Archaeological Evidence

Thoughts frozen in time, the thousands of female figurines and artifacts discovered across ancient Palestine personify the divinities which inspired our ancestors. 

Windows into the past, these unfiltered relics reflect the social and religious history of their time - a time which included goddess worship.

According to the experts, the preponderance of archaeological artifacts “provide evidence of various religious practices that coexisted in Judah alongside the official worship of Yahweh.” Biblical Archaeology Review* 


Our focus here is upon the Israelite Mother Goddess Asherah. Mentioned over 40 times in the Hebrew Bible, Asherah is identified as Yahweh’s primary wife. 

Worship of Asherah was so deeply embedded within the socio-religious practices, that Asherah “came to be regarded as much a feature of popular religion in ancient Israel and Judah as the worship of Yahweh.” Biblical Archaeology Review*


As the shovels of archaeology resurrect what the pens of history forgot, Asherah’s forgotten history is resurfacing from the sands of time.

Asherah’s lost story is reconstructed through archaeology’s discovery of artifacts with images of Asherah and several Asherah inscriptions.

The most revealing, and controversial, Asherah inscriptions were actually discovered decades ago.
Curiously, they still remain relatively unknown.

Discovered at Kuntillet Ajrud and Khirbet el-Qom, a series of Hebrew, dedicatory, blessing inscriptions actually
 pair Asherah with Yahweh. 

The  Kuntillet Ajrud and Khirbet el-Qom inscriptions  are summarized below: 

Kuntillet Ajrud Inscriptions          ~830-760 BCE

KAt Hilltop

Discoveries at Kuntillet Ajrud, an Israelite-Judean desert station with an attached shrine, quickly became “the most widely discussed and controversial find in the history of Israelite archaeology,” challenging beliefs of Yahwehistic monotheism. Biblical Origins, Bulletin of the American Schools of Oriental Research*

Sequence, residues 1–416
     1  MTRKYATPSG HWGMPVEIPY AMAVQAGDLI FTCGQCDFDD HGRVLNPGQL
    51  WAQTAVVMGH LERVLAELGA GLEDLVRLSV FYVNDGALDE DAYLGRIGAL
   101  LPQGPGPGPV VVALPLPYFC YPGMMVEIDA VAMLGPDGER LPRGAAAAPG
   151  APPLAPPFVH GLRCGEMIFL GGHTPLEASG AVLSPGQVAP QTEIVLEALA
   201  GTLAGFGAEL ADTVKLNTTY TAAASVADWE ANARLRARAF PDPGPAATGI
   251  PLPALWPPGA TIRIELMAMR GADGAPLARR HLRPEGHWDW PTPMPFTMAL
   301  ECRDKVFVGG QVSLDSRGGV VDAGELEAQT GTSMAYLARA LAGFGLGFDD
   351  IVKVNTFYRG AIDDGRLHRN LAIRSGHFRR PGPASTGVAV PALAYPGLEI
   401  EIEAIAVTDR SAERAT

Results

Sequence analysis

Inscriptions unearthed at Kuntillet Ajrud alluded to a once unthinkable notion - that God had a wife.
The pairing was made in not one or two inscriptions, but in three different inscriptions.
Astounding the excavators, they uncovered three
 Hebrew, dedicatory, blessing inscriptions pairing Asherah with Yahweh four times: 

1 Royal Pair w text 238 Res100

(1).  “I have blessed you by Yahweh of Samaria and his a/Asherah.”
(2).  “I bless you by Yahweh of Teman and by his a/Asherah.”
(3).  “. . . give YHWH of Teman and his ASHERAH 
. . . YHWH of Teman and his ASHERAH favored.”
Anchor Bible Dictionary, Asherah: Goddess of Israel, New
Encyclopedia of Archaeological Excavations in the Holy Land*


Ajrudt grouping trans


In addition to inscriptions, the drawings below were also discovered at Kuntillet Ajrud:  

5b.8t Ajrud Asherah Tree n LionKAt 3 figs n cow

In summary, Kuntillet Ajrud’s archaeological evidence reveals

-inscriptions which
          pair Asherah with Yahweh 4 times on 3 different Hebrew blessings; and
-drawings containing 
               3 goddess imagery configurations that may represent Asherah, and 
                      1 goddess composition that certainly personifies Asherah.     

Subsequently, Kuntillet Ajrud's archaeological data attest that Asherah was Yahweh’s wife and

“affirm that the link between YHWH and Asherah was part of Israelite mythology.”
The Religions of Ancient Israel: A Synthesis of Parallactic Approaches

This data (and over 30 years of controversial debate) is detailed and extensively referenced in History’s Vanquished Goddess: ASHERAH
For more on Kuntillet Ajrud, see Biblical Archaeology’s Puzzling Finds article.


Khirbet el-Qom Inscription          ~750-700 BCE

6.3t Khirbet Asherah

Discovered in Jerusalem’s antiquities market, this Paleo-Hebrew inscription was traced back to Khirbet el-Qom. 

Above Khirbet el-Qom's good-luck* hand symbol is an inscribed Israelite* blessing which pairs Asherah with Yahweh four times.

The inscription reads:

“Uryahu the wealthy man had it written:
Blessed be Uryahu by
and by his Asherah
; from his enemies he saved him!
(written) by Onyahu
. . . and by his
. . . and by his Asherah.”*


*This website presents historical and archaeological information about the Canaanite and Hebrew/Israelite Mother Goddess Asherah.
All of the above data is extensively detailed and referenced in the soon-to-be-published History’s Vanquished Goddess: ASHERAH

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